Institute for War and Peace Reporting | Giving Voice, Driving Change
Journalists from IWPR’s Hague office celebrated becoming a registered Dutch charity, Stichting IWPR-Nederland, at a ceremony in the city attended by fellow journalists, diplomats, legal experts and jurists from the international tribunals including the International Criminal Court, ICC.
Frans Kok, secretary of the board of IWPR-Nederland, and a former political editor of Holland’s leading daily newspaper, NRC Handelsblad, told the assembled guests,
“The Hague is the international city of peace and justice, so it is fitting that IWPR-Nederland is established here to strengthen the Institute’s long-standing commitment to international justice reporting.”
IWPR’s has maintained its programme on the International Criminal Tribunal for the former Yugoslavia, ICTY, since the court’s founding in the mid-1990s. It recently launched a radio programme, Facing Justice, on weekly events at the ICTY which is broadcast throughout South Eastern Europe via Radio Free Europe/Radio Liberty to an audience of 800,000. IWPR also covers the permanent International Criminal Court, focusing on cases in Sudan, Uganda and the Democratic Republic of Congo.
Hague mayor Jozias van Aartsen, a former minister of foreign affairs, told the gathering, “The Hague is committed to international justice, and we are proud to have IWPR in our city.”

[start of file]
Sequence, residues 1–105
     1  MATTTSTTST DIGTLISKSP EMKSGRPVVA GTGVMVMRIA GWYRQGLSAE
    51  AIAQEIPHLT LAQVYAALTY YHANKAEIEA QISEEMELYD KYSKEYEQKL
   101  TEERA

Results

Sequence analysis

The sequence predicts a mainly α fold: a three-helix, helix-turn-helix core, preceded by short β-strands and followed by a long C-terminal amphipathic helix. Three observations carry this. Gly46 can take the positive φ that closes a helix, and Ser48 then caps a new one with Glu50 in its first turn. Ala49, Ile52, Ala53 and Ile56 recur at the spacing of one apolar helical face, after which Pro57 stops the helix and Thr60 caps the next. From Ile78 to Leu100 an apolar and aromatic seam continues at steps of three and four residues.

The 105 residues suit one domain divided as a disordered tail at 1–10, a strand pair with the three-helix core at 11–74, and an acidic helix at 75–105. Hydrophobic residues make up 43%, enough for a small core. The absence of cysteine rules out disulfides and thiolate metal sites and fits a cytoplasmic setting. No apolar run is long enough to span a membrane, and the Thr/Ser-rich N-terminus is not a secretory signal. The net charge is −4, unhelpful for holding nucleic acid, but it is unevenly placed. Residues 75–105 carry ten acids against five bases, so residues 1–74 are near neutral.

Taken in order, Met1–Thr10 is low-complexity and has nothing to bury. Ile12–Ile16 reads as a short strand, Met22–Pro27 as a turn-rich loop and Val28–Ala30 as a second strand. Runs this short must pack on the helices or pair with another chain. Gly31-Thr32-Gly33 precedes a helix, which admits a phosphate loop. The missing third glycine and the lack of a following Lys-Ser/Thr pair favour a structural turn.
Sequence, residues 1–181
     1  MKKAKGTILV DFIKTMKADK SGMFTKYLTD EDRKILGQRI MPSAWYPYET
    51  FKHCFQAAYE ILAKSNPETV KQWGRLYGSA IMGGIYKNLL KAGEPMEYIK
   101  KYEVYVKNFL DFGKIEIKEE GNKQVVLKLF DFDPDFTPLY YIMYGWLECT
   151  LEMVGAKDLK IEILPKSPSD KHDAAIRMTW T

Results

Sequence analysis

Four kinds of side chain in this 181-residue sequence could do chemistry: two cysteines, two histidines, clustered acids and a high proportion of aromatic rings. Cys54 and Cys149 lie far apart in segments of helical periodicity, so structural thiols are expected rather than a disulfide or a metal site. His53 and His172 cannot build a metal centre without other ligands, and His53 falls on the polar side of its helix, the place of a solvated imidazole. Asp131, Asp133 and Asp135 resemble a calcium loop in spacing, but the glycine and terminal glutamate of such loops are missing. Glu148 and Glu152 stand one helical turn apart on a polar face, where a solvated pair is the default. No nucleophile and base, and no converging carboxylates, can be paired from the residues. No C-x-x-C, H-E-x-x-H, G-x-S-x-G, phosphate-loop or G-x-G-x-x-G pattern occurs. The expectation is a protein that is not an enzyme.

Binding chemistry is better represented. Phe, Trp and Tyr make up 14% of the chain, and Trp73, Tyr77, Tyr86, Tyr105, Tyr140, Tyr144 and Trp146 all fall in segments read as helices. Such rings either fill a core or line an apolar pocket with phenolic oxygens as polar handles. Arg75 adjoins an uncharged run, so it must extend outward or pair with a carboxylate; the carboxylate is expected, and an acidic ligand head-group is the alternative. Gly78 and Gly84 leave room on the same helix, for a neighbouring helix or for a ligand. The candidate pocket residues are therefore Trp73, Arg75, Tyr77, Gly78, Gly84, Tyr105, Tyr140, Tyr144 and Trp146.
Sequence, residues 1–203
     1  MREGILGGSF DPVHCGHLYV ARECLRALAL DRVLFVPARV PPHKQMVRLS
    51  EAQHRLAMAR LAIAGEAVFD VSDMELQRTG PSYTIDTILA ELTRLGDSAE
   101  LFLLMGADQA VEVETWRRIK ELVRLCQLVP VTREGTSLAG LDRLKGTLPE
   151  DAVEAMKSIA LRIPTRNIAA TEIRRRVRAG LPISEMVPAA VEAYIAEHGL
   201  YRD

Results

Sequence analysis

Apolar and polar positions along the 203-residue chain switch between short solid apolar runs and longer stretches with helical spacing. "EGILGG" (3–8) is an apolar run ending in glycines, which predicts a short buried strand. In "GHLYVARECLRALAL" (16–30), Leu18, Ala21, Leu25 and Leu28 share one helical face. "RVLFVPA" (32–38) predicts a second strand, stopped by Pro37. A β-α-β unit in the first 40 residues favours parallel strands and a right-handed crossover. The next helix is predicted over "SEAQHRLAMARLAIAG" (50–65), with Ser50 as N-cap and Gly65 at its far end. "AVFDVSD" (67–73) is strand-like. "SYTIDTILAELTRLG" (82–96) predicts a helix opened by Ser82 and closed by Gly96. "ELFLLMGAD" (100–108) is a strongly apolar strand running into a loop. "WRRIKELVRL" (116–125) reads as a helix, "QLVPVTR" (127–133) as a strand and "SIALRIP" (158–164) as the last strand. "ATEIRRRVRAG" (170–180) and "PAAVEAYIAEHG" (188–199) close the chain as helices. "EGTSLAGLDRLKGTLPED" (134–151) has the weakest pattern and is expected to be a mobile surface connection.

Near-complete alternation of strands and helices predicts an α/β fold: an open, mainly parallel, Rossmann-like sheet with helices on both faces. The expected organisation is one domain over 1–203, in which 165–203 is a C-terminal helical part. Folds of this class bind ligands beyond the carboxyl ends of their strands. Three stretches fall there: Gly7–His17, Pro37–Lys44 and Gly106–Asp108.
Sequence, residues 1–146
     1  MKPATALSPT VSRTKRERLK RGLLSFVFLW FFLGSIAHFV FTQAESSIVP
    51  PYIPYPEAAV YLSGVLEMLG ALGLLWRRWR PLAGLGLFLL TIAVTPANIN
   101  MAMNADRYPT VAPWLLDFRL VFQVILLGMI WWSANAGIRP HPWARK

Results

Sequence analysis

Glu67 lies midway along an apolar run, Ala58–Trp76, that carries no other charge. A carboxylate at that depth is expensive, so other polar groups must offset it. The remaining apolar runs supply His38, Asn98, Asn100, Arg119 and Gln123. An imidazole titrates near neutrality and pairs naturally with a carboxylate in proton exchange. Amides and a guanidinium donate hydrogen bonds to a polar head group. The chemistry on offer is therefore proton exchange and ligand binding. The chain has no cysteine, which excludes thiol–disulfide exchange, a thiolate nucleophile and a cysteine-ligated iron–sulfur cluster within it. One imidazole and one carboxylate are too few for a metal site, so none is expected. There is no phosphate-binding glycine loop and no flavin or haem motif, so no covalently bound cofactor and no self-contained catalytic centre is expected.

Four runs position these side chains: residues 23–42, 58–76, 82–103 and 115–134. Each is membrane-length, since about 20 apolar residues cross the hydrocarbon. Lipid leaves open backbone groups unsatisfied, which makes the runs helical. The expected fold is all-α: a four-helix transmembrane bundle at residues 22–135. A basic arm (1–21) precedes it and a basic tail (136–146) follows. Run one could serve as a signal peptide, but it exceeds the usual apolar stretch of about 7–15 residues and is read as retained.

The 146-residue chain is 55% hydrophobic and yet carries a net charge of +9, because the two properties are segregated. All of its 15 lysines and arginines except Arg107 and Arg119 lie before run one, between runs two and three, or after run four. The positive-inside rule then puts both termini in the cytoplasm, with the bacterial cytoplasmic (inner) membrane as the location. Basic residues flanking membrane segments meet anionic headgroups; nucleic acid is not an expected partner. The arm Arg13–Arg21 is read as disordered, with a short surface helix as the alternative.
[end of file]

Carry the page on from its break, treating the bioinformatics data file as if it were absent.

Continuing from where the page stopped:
Justice Julia Sebutinde, a judge in the trial of Charles Taylor at the Special Tribunal for Sierra Leone, currently underway in a courtroom of the ICC in The Hague, spoke of the importance of IWPR’s output.
“Journalists have a vital role in communicating the detailed proceedings of international courts of justice to people in the countries affected,” she said, “especially in cases where international courts are convened away from the conflict area. In this regard, I am very impressed by the work of IWPR.”
Ulrich Mans, from The Hague Centre for Strategic Studies, said, “IWPR can play an important role in making sure that international perception of what is happening in The Hague is more balanced and thorough than it is at the moment.”
Kathlyn Clore, from the European Journalism Centre, said that IWPR journalists are often the only reporters at the tribunals covering cases on a day-to-day basis.
“Leading media outlets are cutting funding and staffing for foreign reporting –
particularly day-in, day-out, watchdog journalism. But society needs to stay informed – particularly about places like Africa. So it's a relief to those of us who know what good journalism can bring to society to see thoughtful organisations like IWPR step up to fill the gap,” she said.
William Pace from the Coalition of the International Criminal Court – a network of NGOs which monitor proceedings – said that “IWPR is instrumental in providing reliable, thorough and timely reporting on the work of the ICC".
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